a compound in which oxygen is bonded to one or more electropositive atoms.
Also ox·id [ok-sid] /ˈɒk sɪd/
Origin of oxide
1780–90;Related formsox·id·ic [ok-sid-ik] /ɒkˈsɪd ɪk/, adjective
), blend of oxygène
Based on the Random House Unabridged Dictionary, © Random House, Inc. 2019
Related Words for oxideoxide
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Contemporary Examples of oxide
Historical Examples of oxide
British Dictionary definitions for oxide
any compound of oxygen with another element
any organic compound in which an oxygen atom is bound to two alkyl or aryl groups; an ether or epoxide
Word Origin for oxide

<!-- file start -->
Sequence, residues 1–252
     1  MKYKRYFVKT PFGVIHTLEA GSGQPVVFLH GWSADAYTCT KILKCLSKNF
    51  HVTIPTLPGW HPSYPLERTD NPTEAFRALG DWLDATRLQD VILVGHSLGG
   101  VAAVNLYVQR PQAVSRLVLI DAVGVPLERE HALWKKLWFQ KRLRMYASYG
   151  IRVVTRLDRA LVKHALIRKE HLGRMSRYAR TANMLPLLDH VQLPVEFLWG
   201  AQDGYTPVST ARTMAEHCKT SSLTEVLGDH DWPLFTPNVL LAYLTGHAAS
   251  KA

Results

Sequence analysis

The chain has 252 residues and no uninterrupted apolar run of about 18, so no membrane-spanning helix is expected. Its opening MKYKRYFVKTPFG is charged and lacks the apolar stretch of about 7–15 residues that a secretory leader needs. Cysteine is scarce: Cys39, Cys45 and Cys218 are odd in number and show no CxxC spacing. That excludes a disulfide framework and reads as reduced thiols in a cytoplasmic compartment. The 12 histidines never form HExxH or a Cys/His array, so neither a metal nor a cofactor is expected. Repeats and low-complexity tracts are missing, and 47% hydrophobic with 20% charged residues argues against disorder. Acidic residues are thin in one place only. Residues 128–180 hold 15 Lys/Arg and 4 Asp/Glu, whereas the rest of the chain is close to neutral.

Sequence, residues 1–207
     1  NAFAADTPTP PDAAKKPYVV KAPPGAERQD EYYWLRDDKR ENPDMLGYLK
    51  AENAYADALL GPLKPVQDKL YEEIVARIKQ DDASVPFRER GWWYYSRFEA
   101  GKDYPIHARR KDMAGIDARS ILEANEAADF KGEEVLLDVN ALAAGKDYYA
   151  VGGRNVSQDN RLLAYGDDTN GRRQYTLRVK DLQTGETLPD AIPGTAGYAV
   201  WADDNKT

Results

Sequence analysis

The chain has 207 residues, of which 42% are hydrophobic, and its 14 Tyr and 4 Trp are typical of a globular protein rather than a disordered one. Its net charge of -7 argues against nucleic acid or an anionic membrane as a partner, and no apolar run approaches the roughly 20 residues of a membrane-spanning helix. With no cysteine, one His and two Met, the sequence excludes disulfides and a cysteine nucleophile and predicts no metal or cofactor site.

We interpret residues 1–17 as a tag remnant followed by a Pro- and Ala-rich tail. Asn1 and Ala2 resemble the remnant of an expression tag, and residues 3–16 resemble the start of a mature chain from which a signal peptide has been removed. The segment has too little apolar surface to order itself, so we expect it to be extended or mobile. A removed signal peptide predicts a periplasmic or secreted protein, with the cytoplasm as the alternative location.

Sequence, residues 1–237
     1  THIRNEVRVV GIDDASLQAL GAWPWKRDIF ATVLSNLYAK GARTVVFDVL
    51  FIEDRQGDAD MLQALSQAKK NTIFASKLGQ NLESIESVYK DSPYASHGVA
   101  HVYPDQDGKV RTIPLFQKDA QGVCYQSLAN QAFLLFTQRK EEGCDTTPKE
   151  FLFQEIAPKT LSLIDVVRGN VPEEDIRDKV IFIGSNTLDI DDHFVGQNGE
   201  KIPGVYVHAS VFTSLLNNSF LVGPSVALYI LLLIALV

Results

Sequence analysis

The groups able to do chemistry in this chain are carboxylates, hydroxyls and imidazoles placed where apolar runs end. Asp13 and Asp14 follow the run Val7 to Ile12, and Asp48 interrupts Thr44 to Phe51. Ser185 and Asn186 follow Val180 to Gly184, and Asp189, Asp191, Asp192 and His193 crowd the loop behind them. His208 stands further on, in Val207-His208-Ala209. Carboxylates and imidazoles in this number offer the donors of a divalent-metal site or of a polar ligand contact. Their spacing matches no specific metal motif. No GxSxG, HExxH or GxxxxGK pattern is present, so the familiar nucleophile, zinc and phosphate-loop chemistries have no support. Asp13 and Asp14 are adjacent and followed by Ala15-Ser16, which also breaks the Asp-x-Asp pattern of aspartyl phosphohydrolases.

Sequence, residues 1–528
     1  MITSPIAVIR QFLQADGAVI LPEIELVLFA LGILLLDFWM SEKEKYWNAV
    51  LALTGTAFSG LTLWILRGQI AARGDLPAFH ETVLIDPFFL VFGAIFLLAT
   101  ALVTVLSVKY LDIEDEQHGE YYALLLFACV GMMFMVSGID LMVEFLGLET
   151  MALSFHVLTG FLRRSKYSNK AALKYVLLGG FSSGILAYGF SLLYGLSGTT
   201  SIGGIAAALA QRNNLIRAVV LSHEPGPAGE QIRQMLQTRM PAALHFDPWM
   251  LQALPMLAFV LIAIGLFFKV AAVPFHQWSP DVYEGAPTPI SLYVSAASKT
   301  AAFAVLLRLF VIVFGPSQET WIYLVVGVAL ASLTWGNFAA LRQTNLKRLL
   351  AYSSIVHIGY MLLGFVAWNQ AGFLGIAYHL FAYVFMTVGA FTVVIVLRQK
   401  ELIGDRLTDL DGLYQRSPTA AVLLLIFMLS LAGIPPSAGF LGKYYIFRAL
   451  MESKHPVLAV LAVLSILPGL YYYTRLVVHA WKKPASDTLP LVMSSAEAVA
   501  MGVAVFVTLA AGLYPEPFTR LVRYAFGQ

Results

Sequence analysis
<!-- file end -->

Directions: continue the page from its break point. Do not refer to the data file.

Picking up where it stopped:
C18: from French, from ox (ygène) + (ac) ide; see oxygen, acid
Collins English Dictionary - Complete & Unabridged 2012 Digital Edition
© William Collins Sons & Co. Ltd. 1979, 1986 © HarperCollins
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Word Origin and History for oxide
"compound of oxygen with another element," 1790, from French oxide (1787), coined by G. de Morveau and A. Lavoisier from ox(ygène) (see oxygen) + (ac)ide "acid" (see acid).
Online Etymology Dictionary, © 2010 Douglas Harper
A binary compound of an element or radical with oxygen.
The American Heritage® Stedman's Medical Dictionary
Copyright © 2002, 2001, 1995 by Houghton Mifflin Company. Published by Houghton Mifflin Company.
A compound of oxygen and another element or radical. Water (H2O) is an oxide.
The American Heritage® Science Dictionary
Copyright © 2011. Published by Houghton Mifflin Harcourt Publishing Company. All rights reserved.